Are sunscreens dangerous?

May 8, 2019

A randomized clinical trial conducted by the U.S. Food and Drug Administration studied the effects of maximum sunscreen application on 24 healthy participants. In all cases, four chemicals were absorbed into the body at a level greater than FDA recommendations, but the long-term implications are unknown.

A randomized clinical trial conducted by the U.S. Food and Drug Administration studied the effects of maximum sunscreen application on 24 healthy participants. In all cases, four chemicals were absorbed into the body at a level greater than FDA recommendations, but the long-term implications are unknown.

The study used four commercially available sunscreens to determine whether the active ingredients-avobenzone, oxybenzone, octocrylene, and ecamsule-are absorbed into systemic circulation. The sunscreens were tested in lotion, spray, and cream forms, with application to 75 percent of the body surface four times per day for four days, representing maximum use conditions. Blood samples were collected over seven days from each participant.

The results showed that all four products reached systemic concentrations greater than the FDA recommendation of 0.5 ng/mL after four applications on day one. The most common adverse event was rash, which developed in one participant with each sunscreen. The absorption rates were similar in all participants, regardless of age or skin type. The FDA stated that people should continue to use sunscreen, but says further studies are required, because the clinical relevance of systemic exposure is not well understood.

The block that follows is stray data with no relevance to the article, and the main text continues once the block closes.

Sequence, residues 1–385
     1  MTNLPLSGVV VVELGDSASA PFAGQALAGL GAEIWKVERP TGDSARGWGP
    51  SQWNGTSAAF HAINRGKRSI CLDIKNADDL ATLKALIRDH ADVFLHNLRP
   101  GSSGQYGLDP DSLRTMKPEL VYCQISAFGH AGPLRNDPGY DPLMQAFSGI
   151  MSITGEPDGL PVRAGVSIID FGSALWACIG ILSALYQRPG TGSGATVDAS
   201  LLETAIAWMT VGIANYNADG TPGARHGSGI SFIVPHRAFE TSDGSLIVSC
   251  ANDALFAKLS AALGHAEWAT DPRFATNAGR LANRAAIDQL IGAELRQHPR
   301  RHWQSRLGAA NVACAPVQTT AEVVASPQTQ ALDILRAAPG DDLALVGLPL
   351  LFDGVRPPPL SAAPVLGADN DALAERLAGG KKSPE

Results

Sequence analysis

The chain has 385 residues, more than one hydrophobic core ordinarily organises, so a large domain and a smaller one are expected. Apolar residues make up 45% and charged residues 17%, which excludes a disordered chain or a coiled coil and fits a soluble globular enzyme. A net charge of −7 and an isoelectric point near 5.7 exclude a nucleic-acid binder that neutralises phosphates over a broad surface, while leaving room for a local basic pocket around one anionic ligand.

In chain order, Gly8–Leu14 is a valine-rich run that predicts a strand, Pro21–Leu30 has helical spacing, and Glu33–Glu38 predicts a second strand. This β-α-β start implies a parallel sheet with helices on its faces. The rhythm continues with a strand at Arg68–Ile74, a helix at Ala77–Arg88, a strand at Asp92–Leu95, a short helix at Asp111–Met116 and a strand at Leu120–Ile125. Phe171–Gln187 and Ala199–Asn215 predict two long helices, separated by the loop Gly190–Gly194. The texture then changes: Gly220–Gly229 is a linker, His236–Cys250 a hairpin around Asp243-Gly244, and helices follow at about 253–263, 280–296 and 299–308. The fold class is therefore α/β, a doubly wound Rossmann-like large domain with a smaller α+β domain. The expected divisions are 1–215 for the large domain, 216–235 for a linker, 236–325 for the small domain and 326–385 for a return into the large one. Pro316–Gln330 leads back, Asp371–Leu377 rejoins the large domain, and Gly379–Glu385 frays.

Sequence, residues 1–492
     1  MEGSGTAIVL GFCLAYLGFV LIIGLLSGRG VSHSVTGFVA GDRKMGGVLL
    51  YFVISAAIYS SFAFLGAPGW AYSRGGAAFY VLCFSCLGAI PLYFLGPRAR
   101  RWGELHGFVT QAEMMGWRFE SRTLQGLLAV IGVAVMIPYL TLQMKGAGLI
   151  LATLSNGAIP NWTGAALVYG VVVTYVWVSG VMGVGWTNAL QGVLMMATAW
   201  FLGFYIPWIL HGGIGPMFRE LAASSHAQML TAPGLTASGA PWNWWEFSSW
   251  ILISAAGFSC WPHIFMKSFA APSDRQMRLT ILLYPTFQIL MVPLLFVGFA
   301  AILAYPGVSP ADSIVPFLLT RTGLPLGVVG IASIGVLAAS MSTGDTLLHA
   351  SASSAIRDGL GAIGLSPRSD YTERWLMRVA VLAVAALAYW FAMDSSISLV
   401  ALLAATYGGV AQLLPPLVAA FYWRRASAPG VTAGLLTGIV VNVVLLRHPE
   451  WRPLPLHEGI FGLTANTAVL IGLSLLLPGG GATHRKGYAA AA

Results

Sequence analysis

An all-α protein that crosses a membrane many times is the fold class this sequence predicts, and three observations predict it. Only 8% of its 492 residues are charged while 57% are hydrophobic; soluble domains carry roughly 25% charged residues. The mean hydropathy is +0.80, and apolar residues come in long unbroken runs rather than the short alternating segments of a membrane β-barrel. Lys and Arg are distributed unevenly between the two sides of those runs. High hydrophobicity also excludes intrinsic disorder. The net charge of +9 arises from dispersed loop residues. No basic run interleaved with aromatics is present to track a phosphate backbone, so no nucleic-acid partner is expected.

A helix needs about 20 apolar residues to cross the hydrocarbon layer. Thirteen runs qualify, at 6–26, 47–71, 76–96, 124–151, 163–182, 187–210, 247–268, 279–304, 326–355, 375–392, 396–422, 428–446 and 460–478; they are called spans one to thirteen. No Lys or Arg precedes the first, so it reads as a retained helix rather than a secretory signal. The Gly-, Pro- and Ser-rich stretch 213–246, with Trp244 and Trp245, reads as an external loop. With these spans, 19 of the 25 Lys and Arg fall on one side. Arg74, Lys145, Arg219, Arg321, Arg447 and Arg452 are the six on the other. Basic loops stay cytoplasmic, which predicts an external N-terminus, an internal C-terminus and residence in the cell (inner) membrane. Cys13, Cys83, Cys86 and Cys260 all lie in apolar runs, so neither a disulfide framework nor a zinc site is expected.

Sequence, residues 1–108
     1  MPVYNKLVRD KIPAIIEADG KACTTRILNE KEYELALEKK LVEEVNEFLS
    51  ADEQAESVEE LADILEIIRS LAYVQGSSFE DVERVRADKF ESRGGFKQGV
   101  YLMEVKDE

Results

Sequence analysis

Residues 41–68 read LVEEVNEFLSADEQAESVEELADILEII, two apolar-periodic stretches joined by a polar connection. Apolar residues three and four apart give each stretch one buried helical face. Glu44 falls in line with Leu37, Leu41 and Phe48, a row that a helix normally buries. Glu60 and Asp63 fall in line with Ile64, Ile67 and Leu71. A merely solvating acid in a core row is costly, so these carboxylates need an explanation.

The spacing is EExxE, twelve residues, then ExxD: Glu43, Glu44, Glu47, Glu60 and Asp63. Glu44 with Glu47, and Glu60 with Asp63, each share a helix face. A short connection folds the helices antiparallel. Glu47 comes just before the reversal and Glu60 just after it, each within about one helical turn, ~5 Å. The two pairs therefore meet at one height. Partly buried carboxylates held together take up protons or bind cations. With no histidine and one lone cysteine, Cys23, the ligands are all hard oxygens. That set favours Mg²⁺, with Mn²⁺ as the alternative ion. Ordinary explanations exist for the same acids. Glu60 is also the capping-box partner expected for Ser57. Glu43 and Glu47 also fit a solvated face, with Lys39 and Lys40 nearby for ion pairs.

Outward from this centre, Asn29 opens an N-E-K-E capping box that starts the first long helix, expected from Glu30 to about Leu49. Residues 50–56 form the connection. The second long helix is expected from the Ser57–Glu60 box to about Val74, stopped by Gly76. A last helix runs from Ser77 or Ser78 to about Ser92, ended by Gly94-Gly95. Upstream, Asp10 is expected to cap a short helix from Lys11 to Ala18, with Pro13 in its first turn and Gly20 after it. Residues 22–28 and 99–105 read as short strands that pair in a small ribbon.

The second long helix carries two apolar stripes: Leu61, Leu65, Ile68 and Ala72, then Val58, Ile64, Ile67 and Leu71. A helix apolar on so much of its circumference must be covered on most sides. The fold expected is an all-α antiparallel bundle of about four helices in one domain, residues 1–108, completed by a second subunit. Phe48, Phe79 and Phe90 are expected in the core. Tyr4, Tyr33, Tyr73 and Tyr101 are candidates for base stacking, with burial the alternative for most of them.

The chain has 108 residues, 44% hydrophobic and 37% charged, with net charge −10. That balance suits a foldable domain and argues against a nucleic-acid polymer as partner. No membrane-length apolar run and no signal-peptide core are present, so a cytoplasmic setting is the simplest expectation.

The American Academy of Dermatology issued a statement from George J. Hruza, MD, MBA, FAAD, president, regarding the study, saying “this is a small pilot study and more research is needed before it can be determined if the absorption of sunscreen ingredients has any effects on a person’s health.” Hruza’s statement notes that the ingredients have been used for several decades without any reported internal side effects. Skin cancer is the most common cancer in the United States, and unprotected exposure to the sun’s ultraviolet rays is a major risk factor for skin cancer.

The study authors say more research is needed to understand both short-term and long-term effects. While the current study was designed to represent maximum usage to areas of the body outside of normal swimwear over multiple days as might occur at the beach, absorption exceeding FDA guidelines occurred on day one, and for three of the four active ingredients, lasted until day seven.

A second phase of this study will use a different design to investigate how a single application is absorbed, skin concentration during washout phase, if chemicals are still in the body up to 17 days after the last dose, and systemic exposure to other common sunscreen ingredients including octinoxate, homosalate, and octisalate.

The Consumer Healthcare Products Association, an industry trade group, said in a statement that sunscreen manufacturers, the FDA, and dermatologists are aligned on the goal of protecting the public from the harmful effects of the sun, that previous FDA guidance has called for certain active ingredients to undergo further testing, and this study is consistent with those efforts.